Edfu is dedicated to my favorite Egyptian god Horus. The falcon-headed Horus was originally the sky god, whose eyes were the sun and moon. Raised by Isis and Hathor after Osiris’ murder by his brother Seth, Horus avenged his father’s death in a great battle at Edfu. Seth was exiled and Horus took the throne, Osiris reigning through him from the underworld. Thus all Pharaohs claimed to be the incarnation of Horus, the “living king.”
The Temple of Edfu built by the Romans and is one of the most well preserved sights in Egypt. After the Roman Empire became Christian and paganism was outlawed in 391 AD, the temple served as a church for a brief period but later abandoned. It lay buried up to its lintels in sand, with homes built over the top, until it was excavated by Auguste Mariette in the 1860s. The sand protected the monument over the years, leaving it very well preserved today.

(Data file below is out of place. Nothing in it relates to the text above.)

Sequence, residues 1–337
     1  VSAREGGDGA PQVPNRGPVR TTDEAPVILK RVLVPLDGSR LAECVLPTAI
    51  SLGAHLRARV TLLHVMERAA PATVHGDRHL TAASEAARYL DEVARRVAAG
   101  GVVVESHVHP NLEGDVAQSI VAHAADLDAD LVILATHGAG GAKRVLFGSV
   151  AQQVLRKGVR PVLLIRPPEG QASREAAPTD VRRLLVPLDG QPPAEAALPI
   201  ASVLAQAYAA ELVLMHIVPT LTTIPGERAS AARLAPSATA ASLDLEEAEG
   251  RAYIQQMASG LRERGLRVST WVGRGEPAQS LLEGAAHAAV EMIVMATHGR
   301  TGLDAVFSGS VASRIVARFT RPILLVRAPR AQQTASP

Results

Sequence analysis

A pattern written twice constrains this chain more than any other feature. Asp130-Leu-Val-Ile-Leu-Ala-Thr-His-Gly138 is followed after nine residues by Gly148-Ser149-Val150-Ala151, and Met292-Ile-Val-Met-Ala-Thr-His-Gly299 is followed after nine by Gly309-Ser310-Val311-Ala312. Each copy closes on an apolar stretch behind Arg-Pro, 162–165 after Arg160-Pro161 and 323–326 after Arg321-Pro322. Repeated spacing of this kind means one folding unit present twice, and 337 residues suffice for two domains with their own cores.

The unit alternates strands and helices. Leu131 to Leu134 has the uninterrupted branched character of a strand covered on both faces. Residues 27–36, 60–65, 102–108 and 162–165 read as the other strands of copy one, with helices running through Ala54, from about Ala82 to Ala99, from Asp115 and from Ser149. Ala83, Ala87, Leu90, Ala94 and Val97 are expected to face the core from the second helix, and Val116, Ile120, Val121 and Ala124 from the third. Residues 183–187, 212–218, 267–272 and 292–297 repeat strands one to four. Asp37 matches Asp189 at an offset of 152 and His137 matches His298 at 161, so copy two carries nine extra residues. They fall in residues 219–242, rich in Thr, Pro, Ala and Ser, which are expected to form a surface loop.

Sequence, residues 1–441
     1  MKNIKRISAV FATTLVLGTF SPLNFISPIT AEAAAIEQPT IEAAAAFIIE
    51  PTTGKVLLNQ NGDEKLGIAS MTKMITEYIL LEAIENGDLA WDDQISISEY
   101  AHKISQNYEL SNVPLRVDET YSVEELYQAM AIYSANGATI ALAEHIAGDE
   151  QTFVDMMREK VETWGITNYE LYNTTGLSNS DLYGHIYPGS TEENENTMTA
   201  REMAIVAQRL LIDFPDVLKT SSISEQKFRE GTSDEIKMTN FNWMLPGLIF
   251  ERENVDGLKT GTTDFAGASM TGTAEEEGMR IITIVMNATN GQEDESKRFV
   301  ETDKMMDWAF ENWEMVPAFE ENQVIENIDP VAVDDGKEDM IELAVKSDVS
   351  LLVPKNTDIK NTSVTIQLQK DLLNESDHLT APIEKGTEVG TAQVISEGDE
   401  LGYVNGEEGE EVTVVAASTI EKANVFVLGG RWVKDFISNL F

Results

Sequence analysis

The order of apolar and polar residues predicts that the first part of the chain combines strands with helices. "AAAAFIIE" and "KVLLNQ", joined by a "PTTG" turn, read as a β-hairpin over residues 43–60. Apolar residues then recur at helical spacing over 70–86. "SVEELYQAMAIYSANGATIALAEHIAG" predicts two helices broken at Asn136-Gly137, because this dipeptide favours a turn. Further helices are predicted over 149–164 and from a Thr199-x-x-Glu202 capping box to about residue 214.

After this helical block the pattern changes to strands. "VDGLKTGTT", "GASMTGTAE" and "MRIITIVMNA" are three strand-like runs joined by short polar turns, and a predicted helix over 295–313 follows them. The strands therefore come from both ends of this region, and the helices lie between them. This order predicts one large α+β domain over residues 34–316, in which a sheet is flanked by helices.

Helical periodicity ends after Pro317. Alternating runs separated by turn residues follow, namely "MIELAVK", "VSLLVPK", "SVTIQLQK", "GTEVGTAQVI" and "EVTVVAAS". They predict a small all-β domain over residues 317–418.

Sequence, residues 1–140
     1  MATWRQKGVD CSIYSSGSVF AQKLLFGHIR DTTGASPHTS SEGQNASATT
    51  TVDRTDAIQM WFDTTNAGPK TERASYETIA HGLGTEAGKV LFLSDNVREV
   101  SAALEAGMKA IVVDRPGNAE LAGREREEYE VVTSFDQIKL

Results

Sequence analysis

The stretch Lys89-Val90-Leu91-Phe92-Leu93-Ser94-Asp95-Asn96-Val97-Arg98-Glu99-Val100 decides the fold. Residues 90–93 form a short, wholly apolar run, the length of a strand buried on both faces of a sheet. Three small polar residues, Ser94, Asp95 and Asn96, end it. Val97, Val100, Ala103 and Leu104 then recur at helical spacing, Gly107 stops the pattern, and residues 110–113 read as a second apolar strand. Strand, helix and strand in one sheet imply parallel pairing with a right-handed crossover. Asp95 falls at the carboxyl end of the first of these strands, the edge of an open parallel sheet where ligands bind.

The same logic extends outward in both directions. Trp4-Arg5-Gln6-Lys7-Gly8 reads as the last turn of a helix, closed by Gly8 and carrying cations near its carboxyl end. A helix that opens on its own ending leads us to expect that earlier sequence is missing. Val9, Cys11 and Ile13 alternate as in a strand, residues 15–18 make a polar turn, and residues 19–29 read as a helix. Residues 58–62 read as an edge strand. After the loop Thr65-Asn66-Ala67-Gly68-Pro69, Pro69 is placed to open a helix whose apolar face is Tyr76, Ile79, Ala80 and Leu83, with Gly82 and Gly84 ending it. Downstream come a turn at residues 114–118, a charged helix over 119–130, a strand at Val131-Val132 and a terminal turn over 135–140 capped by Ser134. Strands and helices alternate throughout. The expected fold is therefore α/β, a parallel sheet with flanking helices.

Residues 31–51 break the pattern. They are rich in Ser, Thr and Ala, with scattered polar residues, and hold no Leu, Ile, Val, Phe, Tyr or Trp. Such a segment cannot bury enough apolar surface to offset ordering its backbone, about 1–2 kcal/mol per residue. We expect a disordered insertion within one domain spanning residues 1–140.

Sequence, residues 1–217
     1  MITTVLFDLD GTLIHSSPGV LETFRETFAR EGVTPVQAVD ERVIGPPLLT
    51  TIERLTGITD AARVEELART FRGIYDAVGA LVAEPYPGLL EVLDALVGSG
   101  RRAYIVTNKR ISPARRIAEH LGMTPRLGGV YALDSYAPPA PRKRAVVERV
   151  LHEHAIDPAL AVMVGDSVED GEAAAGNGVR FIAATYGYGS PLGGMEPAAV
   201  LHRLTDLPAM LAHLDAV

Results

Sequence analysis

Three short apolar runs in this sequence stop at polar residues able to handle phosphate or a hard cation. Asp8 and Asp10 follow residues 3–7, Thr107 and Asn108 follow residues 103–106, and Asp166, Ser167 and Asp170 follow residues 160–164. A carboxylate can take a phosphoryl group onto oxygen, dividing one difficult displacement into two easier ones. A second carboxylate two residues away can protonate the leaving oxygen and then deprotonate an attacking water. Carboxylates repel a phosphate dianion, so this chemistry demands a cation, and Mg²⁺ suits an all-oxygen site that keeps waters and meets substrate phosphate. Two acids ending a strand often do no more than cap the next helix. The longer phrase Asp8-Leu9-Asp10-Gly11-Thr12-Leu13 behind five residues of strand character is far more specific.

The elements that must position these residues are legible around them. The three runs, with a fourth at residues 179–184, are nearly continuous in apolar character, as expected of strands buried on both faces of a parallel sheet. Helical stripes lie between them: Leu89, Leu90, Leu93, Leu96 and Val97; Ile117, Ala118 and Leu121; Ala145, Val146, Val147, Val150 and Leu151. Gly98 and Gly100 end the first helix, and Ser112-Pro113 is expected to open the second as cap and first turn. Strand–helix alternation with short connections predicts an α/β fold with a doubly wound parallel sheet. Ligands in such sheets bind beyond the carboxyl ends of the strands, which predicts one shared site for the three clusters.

The horse-cart ride to Edfu temple was so much fun and riding through the small lanes of the village took us back in history. The locals were friendly and used to wave at us and shout “Hey India! Amitabh Bachchan! Dharmendra!” Strangely they had never heard of Shahrukh khan.
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